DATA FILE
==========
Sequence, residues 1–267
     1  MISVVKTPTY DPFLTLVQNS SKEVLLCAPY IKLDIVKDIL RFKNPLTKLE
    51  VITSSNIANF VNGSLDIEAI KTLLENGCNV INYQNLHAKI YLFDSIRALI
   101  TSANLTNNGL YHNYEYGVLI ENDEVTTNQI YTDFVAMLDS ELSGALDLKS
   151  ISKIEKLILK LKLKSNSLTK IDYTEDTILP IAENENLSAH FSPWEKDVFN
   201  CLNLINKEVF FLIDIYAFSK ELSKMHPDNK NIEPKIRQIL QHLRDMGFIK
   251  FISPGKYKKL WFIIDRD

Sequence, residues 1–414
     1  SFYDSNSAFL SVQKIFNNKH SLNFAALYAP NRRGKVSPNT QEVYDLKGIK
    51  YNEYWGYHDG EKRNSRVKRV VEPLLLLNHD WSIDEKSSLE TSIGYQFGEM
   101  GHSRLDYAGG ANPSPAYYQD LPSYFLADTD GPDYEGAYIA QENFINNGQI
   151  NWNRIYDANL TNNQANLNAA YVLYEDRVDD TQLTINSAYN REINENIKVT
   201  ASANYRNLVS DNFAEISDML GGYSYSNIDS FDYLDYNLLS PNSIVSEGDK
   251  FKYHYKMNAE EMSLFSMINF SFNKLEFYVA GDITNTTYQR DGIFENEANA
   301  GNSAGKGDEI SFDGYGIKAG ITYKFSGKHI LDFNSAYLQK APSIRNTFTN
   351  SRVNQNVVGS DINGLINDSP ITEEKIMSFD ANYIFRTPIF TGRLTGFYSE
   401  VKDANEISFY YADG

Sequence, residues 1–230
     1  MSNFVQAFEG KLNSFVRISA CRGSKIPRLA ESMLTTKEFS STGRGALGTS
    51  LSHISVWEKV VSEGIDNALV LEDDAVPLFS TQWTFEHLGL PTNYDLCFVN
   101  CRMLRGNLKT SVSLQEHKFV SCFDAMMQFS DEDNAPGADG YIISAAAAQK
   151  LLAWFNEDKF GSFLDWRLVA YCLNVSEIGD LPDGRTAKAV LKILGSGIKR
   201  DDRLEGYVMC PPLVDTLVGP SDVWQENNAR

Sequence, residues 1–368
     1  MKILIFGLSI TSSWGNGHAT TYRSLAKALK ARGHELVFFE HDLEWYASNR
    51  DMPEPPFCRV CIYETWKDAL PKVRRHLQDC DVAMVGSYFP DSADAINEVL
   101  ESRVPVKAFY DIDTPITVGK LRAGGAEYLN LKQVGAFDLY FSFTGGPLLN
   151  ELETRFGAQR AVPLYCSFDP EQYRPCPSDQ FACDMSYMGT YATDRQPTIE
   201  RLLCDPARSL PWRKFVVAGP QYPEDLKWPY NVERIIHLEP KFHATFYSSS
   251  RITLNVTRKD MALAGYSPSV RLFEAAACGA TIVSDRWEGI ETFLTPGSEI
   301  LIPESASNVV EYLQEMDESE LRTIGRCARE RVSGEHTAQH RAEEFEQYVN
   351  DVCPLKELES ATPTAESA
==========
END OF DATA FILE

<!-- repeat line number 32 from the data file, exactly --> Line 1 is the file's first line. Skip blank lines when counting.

   351  DVCPLKELES ATPTAESA